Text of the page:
A bankruptcy can stay on a credit report for up to 10 years. However, those who file in New York or elsewhere can start rebuilding their credit far sooner. According to a study from LendingTree, 65 percent of those who filed for bankruptcy had a credit score of 640 or higher two years after filing. The study looked at 1 million LendingTree users who had received loan offers in 2017.
One of the most effective steps a person can take to rebuild credit after bankruptcy is to obtain a secured credit card. With a secured card, the credit limit is determined by the amount of the security deposit a cardholder puts down. This card can then be used to charge small items such as a recurring Netflix account or similar subscription that is easy to pay off. Ideally, an individual won't use more than 20 percent of his or her available credit in a given month.
Those who have filed for bankruptcy will benefit from analyzing why they had to do so in the first place. For those who are prone to overspending, it can be worthwhile to create a budget to get a better sense of their overall financial situation. Signing up for a credit monitoring service can help an individual measure their progress after a bankruptcy case ends.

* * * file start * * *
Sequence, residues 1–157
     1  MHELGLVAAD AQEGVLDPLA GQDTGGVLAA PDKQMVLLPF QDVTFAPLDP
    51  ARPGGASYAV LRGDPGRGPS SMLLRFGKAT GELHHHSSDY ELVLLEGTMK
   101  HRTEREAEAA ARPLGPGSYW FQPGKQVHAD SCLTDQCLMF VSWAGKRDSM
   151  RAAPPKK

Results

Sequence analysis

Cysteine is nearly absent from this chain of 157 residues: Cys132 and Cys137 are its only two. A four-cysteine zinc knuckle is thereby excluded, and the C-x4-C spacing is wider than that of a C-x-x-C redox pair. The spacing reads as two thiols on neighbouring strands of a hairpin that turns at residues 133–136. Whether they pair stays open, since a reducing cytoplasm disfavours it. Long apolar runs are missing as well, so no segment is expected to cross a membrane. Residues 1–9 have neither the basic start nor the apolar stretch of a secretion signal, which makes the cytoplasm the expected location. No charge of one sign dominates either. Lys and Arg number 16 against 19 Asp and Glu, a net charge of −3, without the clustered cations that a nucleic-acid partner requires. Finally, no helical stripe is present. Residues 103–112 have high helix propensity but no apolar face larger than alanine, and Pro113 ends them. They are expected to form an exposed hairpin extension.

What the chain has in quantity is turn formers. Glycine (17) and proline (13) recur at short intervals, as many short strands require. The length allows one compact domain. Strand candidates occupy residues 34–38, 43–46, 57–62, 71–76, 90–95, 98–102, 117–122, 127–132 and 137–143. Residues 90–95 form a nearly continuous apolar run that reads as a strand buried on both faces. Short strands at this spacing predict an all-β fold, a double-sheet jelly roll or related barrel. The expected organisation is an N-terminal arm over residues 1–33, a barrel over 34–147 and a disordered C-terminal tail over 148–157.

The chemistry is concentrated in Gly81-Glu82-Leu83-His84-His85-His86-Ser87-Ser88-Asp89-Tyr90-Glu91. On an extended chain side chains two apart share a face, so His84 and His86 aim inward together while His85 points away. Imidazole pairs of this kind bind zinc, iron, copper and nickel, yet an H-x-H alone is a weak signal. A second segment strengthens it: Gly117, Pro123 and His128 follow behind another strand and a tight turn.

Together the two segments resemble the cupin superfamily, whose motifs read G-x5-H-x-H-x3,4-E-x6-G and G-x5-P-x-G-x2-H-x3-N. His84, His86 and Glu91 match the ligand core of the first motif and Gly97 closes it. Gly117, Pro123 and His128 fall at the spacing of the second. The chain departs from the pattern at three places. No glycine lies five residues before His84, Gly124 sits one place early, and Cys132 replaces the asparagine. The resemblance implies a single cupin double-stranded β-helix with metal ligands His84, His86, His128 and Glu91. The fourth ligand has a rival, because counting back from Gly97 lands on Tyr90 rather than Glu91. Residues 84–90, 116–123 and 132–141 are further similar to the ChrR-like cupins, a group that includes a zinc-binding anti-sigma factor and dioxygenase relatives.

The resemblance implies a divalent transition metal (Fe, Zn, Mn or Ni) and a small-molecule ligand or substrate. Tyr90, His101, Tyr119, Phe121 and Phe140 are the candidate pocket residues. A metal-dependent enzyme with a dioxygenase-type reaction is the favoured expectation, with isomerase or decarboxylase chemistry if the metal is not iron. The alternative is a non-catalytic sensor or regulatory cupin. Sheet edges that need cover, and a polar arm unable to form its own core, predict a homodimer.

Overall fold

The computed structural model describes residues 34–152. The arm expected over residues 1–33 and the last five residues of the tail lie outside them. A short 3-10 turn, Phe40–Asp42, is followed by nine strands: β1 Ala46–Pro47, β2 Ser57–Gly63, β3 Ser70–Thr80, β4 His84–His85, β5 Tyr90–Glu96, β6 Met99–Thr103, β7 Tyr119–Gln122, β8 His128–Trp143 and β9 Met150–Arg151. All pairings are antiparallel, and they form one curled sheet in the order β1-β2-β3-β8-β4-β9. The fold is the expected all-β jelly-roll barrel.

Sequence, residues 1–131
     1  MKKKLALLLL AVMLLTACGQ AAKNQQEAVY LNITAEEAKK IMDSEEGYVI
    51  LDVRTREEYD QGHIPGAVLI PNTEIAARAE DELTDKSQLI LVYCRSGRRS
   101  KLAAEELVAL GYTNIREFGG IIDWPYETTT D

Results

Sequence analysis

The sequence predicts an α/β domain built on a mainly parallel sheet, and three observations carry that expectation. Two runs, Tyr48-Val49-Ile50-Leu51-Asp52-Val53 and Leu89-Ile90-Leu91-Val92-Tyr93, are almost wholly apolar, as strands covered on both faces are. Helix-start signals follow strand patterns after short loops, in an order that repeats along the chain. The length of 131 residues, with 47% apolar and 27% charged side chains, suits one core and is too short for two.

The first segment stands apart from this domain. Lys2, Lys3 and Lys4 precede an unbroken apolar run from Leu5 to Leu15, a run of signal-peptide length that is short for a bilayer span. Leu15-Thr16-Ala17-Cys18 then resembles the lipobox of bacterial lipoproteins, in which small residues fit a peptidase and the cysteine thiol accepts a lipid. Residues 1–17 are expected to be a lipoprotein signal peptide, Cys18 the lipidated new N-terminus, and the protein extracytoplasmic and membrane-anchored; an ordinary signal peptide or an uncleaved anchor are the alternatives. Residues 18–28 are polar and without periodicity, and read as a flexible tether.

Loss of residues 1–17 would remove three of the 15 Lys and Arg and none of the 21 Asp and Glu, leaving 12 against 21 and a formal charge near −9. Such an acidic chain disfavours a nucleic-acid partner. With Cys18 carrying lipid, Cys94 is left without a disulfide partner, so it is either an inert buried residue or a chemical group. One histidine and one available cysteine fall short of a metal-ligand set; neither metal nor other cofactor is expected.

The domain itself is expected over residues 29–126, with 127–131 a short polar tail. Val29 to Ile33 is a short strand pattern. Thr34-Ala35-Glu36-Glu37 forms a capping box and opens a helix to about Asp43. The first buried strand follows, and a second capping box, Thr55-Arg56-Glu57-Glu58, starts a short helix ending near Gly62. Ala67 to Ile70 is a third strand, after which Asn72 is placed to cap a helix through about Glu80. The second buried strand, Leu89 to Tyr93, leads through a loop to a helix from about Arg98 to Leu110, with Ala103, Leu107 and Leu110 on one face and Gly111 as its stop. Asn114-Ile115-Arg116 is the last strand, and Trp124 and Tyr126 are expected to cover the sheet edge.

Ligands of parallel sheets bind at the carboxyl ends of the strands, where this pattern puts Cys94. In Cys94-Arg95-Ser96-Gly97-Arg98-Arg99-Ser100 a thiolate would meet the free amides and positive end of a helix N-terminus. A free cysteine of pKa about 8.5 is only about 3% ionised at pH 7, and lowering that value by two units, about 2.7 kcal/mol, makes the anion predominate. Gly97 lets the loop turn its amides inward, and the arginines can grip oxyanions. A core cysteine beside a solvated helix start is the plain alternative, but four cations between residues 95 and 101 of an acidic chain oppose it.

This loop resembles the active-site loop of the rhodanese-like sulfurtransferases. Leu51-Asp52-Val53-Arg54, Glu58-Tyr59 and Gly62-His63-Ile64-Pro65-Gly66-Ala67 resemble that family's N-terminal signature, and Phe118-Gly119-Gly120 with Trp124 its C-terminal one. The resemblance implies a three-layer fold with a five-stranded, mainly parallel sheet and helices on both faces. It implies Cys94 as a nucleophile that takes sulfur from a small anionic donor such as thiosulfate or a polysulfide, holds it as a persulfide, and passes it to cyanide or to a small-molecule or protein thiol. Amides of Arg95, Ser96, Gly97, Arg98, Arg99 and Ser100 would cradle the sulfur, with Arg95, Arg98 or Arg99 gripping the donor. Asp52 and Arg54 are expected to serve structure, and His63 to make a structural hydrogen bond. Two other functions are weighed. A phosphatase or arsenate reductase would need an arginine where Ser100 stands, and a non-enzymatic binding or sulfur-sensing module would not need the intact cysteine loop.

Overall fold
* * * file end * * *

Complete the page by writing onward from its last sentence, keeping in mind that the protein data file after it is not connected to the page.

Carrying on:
Filing for bankruptcy may make it possible to reorganize or completely eliminate debt. Those who have credit card, medical or other unsecured debts may be entitled to a timely discharge in a Chapter 7 case. However, those who must file for Chapter 13 may still benefit from the fact that creditors generally cannot contact debtors while a case is open. This might allow a person to keep a home or car while a case is being resolved.